I started taking pictures of Irish Travellers in the UK in 2002 and haven’t stopped since, travelling from sites to sites all over the country. I discovered very early that Irish Travellers had not only fled Ireland and poverty in the 19th century to come to the UK but also to the USA. I did some research and found out about a few communities, one of them was called Murphy Village, near North Augusta, in South Carolina*. Going there to meet the Travellers became a dream and finally, recently a reality.
Thanks to a grant I received from the CNAP (Centre National des Arts Plastiques), I went there last January with my partner François Moura. The community I discovered was not only geographically and but also culturally miles away from the Irish Travellers I had met in the UK. There was no welcome, just suspicion and even fear. Our first approach was to contact the priest who had been in charge of the diocese for sixteen years.
He was very friendly but warned us: people would be very reluctant to talk to us… And this is what happened. The outside world was not very welcome on the streets of Murphy Village. We understood why, after a long afternoon talking to Tammy, an Irish Traveler woman, working for the diocese.
Irish Travellers from Murphy Village are regularly accused of different scams. Since almost a decade, several court cases have been occuring for life insurance fraud, racketeering, scams. About 50 Irish Travellers are now in Custody. In 2016, the DSS (Department of Social Services) took six girls, as young as six years old, from Murphy Village under allegations of sexual abuse. Arranged marriages have been part of the village tradition for decades and the Irish Travellers were accused of under-age marriages.
After 3 months, all the girls were brought back to their families after staying in foster care. “We don’t marry them under-age, we get them engaged very young and wait for the legal age to marry them”, Tammy explained. In such tense conditions, it was not surprising that Murphy Village residents were not very keen to talk to strangers and reluctant to be filmed or photographed.
The community is very reclusive and the large majority of Murphy Village’s Irish Travellers keep to themselves. On one side of Edgefield Road, where St Edward Church was built – which is the original Murphy Village -, people still live in trailers and mobile homes. On the other side of the road, Travellers live in huge brand new mansions which can only raise anyone’s suspicions… How can people who live from asphalting roads, trading and painting barns afford to build such houses?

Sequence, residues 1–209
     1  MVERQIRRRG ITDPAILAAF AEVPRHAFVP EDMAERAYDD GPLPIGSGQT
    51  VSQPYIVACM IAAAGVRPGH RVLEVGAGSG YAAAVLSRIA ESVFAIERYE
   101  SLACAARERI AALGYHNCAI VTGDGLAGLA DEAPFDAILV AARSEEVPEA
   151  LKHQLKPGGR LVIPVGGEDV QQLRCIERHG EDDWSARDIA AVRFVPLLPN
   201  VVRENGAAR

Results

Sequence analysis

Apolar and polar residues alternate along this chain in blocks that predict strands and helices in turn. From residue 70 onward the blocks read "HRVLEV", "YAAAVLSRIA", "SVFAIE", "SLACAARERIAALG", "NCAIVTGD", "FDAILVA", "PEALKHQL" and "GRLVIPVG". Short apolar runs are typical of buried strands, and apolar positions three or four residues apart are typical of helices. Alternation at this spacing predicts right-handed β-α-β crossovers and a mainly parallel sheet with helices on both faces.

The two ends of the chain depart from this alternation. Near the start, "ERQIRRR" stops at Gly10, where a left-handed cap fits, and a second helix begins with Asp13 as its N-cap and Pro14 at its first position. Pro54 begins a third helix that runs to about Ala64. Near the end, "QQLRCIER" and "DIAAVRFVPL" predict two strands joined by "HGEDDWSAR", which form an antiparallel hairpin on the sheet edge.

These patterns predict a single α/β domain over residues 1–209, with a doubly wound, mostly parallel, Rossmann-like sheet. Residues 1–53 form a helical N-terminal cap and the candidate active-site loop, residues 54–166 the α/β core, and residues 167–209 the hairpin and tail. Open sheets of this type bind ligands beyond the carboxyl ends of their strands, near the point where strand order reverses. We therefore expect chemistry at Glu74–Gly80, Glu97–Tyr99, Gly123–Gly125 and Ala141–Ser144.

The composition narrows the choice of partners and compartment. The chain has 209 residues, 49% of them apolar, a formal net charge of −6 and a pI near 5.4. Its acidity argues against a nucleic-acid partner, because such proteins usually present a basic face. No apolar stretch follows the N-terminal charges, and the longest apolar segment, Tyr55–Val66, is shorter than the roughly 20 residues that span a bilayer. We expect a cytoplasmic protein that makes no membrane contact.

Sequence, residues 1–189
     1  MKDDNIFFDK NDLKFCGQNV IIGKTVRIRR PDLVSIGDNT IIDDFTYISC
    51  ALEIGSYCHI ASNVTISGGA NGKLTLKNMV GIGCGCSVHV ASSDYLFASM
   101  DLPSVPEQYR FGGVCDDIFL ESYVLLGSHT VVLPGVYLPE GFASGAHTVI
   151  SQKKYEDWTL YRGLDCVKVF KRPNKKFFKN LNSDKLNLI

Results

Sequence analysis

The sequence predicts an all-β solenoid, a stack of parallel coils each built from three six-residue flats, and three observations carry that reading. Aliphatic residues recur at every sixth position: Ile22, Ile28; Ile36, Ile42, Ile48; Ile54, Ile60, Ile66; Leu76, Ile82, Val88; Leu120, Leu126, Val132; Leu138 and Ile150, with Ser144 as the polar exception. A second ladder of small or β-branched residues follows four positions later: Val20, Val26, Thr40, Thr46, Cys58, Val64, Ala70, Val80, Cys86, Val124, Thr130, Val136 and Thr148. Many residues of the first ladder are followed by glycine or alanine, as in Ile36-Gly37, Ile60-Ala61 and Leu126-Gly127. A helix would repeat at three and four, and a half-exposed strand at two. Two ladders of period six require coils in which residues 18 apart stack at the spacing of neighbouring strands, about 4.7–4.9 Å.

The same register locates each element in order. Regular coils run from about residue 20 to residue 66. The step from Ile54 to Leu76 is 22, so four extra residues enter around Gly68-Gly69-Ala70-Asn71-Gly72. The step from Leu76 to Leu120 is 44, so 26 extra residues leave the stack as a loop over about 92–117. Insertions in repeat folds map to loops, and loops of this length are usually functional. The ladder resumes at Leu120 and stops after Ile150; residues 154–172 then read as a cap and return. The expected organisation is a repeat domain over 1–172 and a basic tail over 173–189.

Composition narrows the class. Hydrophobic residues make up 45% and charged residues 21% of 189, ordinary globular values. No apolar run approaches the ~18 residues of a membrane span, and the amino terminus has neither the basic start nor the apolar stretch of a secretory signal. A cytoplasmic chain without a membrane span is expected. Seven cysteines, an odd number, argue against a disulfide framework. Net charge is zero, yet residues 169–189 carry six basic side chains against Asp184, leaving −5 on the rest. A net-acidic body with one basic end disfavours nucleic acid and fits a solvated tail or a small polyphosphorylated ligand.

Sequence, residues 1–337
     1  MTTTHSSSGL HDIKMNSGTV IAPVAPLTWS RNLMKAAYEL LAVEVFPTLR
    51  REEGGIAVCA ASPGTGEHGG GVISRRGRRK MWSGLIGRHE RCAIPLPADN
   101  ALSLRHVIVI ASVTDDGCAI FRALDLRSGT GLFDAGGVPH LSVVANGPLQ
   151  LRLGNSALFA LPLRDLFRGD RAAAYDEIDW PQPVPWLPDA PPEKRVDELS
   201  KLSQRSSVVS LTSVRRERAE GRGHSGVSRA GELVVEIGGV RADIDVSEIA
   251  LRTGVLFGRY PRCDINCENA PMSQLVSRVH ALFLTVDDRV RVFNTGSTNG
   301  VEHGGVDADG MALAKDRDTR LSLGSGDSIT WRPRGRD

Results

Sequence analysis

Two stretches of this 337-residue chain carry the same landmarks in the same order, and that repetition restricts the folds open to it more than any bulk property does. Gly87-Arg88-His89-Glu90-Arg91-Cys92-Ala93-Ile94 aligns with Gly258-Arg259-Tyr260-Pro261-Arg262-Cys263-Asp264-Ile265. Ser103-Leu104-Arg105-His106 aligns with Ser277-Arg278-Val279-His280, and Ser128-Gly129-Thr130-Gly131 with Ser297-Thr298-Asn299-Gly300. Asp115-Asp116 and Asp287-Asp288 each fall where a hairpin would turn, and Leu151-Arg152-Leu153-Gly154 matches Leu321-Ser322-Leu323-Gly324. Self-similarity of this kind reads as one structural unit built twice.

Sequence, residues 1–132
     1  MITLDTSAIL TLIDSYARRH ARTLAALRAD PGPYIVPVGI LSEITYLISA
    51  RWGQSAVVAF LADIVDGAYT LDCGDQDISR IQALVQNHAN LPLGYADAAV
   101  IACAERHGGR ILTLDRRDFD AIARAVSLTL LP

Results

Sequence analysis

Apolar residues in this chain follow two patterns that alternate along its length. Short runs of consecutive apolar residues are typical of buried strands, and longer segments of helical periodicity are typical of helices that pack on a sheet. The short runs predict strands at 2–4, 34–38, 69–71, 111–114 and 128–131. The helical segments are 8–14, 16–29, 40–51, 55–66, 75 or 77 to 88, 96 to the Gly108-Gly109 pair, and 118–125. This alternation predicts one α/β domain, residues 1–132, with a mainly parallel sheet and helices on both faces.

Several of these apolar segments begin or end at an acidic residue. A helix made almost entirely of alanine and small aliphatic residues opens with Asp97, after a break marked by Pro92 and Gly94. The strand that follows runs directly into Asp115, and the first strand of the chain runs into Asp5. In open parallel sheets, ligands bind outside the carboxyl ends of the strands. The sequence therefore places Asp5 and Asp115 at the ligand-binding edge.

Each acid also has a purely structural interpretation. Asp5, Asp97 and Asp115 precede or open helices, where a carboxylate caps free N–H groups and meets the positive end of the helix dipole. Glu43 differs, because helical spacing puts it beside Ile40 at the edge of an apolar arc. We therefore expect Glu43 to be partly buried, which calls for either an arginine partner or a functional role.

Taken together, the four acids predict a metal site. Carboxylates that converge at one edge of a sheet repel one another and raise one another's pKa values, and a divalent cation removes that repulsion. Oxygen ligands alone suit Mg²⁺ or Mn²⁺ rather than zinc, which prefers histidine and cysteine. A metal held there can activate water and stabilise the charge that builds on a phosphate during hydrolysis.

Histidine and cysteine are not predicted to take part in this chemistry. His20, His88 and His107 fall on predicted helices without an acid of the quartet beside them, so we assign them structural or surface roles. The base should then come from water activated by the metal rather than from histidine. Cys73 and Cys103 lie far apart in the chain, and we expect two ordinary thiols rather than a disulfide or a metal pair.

Personally I have never been exposed to such a closed community. I went to Murphy Village hoping I could work like with any other Travellers’ community in the UK, that people would open up, tell me stories, let me take their pictures. I struggled. I even felt threatened: some women came yelling at me at a deadend of the “posh” side of Murphy Village, almost insulting me. And one afternoon, I even thought about giving up…
Fortunately, I didn’t! The same day I met two very nice women, Jackie O’Hara and Jeannine Harris. The first one was born outside the community and married an Irish Traveller almost 50 years ago. The second one decided to live in the original Murphy Village by choice, having a strong connection there.
They reconcilied me with the project but walking in Murphy Village had become a bit of an every moment challenge, feeling there was always a bloody huge pick-up with tainted windows slowly driving around us, and there was…
More photos here and a trailer of a short film we did with François, M.V Superficial, a few things about Murphy Village, which will be released soon:
Superficial because we are hoping to go back again, getting more interviews, in-depth information and more photos, also desperately wanting to get into one of these huge and mysterious houses!
More about Murphy Village
*Murphy Village, South Carolina is a community of around 2,000 Irish Travellers who settled on Edgefield Road in the late 50s.
They are originally from Ireland. One of the first Irish Travellers who came to the USA is Tom Carroll. He arrived in New York in the middle of the 19th Century to escape from the misery and the financial distress caused by the Potato Famine in Ireland (1845-1852). Very soon many of his relatives migrated to the US. Just before the Civil War (1861-1865) the Travellers slowly moved to the South, living in Georgia, South Carolina, Tennessee and Texas.
As the town of North Augusta began to grow, many Catholics relocated there from the Northeast. In the 50s Rev. Fr. Murphy, an Irish immigrant himself, was made Pastor of the local diocese. He encouraged the Travellers to buy land a few miles north of the town. A village was born, called Murphy Village, after Father Murphy.
The main family names in Murphy Village are Carroll, Sherlock, O’Hara, Gorman and only a few others. Everyone seems to be related. While men mainly work asphalting roads and driveways, painting barns in states as far as Ohio and Michigan, or selling agricultural machinery, women stay at home and raise the children. They still speak Cant, an old form of Gaelic and most of them are practising Catholics.